Mark Cuban has some surprising advice about raising startup capital: Don't do it. 

During a conversation with Fast Company editor-in-chief Stephanie Mehta at SXSW Online this week, the Shark Tank host and investor in more than 250 companies said that entrepreneurs should launch their new businesses with the means they already have and worry about funding later.

"One of the mistakes people make is they try to go out and find investors first," Cuban said. "If you look at some of the biggest and best businesses, they were started when people's backs were against the wall and they had no capital." He cited "the power of broke," a principle championed by his Shark Tank co-star Daymond John, which holds that having a low budget--or no budget--can actually be a significant competitive advantage. How? It allows entrepreneurs to learn important lessons about running a business at a small scale, where mistakes won't cost a lot of money. 

"Create that product or service that you can sell, that you can do on your own. Start small like I did and build it just one step at a time, and then you'll see you have so many resources available to you that you can grow it from there," Cuban said. "If you're growing so quickly that you need funding, that's when the funding will find you."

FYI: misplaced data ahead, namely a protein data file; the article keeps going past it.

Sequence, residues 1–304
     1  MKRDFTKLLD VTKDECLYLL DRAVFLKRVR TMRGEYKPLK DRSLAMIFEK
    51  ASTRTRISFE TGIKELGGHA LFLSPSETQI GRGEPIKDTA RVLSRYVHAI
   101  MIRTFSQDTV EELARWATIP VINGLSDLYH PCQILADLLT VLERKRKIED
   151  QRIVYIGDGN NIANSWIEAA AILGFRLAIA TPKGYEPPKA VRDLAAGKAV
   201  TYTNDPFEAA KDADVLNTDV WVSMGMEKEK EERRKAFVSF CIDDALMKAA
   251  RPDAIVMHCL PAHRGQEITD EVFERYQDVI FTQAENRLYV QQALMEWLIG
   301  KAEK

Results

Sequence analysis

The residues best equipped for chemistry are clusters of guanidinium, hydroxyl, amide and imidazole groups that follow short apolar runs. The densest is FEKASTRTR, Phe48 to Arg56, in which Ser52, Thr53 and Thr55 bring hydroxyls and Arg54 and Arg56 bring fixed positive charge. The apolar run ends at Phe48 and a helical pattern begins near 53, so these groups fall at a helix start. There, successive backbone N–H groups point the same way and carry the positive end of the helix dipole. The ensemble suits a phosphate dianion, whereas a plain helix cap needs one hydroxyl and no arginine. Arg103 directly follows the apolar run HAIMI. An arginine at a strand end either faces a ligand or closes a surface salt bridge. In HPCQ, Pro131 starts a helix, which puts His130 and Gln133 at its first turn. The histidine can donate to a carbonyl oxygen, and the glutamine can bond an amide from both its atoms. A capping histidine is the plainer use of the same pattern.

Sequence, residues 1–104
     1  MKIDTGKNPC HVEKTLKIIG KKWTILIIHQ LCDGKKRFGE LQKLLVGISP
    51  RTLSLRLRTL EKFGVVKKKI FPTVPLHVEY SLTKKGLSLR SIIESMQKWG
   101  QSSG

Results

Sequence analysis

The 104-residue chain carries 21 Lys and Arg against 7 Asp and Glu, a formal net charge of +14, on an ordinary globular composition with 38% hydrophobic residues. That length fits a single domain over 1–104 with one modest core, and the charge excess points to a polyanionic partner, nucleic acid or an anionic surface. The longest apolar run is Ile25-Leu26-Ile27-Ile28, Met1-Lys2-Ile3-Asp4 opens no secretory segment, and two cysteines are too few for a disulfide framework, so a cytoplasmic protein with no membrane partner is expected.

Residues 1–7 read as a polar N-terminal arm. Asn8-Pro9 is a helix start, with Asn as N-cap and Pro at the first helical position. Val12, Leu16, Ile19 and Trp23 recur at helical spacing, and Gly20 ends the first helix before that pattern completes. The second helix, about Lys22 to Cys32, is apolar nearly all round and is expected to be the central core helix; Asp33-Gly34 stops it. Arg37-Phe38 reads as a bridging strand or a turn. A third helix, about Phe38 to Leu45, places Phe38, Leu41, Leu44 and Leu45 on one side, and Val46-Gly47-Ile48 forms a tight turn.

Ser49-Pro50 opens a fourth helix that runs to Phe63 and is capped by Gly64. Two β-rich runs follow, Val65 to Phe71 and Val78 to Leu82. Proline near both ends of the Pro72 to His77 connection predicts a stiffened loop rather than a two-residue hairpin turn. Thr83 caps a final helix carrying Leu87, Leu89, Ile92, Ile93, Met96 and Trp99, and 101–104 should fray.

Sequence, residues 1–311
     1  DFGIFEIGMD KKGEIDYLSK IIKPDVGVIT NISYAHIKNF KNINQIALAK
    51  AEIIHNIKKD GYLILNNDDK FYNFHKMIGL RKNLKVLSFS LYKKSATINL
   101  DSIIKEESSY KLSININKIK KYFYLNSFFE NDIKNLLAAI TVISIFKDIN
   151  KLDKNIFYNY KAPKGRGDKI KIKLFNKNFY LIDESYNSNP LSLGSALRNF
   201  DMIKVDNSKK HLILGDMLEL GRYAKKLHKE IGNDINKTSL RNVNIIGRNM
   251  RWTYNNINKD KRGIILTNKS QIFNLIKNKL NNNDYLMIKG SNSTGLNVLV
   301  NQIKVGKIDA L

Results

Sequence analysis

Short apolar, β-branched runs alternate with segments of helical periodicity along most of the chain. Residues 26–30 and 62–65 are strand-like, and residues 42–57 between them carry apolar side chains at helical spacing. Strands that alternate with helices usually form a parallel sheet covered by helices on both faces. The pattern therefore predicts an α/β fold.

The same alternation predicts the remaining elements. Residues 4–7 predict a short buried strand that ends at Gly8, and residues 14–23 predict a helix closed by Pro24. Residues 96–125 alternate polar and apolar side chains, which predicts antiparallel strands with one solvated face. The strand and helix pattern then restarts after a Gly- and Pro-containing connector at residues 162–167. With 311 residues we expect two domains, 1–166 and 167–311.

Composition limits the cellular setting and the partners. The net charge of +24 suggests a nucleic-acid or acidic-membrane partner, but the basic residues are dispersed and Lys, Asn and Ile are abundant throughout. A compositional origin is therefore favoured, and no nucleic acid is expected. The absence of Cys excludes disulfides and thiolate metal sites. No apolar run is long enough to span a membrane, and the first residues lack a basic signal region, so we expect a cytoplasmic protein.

Starting small is a concept Cuban continues to follow with his own new ventures, including Fireside, an app that will resemble a combination of the audio chat app Clubhouse and podcasts when it launches, Cuban said during the SXSW discussion. Although the company bills itself as "the future of podcasting," in its beta testing version Cuban is intentionally avoiding building the largest user base possible.

"With Fireside chat, the podcaster or the MC is in charge of everything--they completely control the invitation list--and people have to be vetted before we'll allow them to have a chat," Cuban said. "There's just so much more control, because we really want the information to have quality, we want the interface and the interactivity to have quality, and to us, that's more important than just seeing how many people we can reach."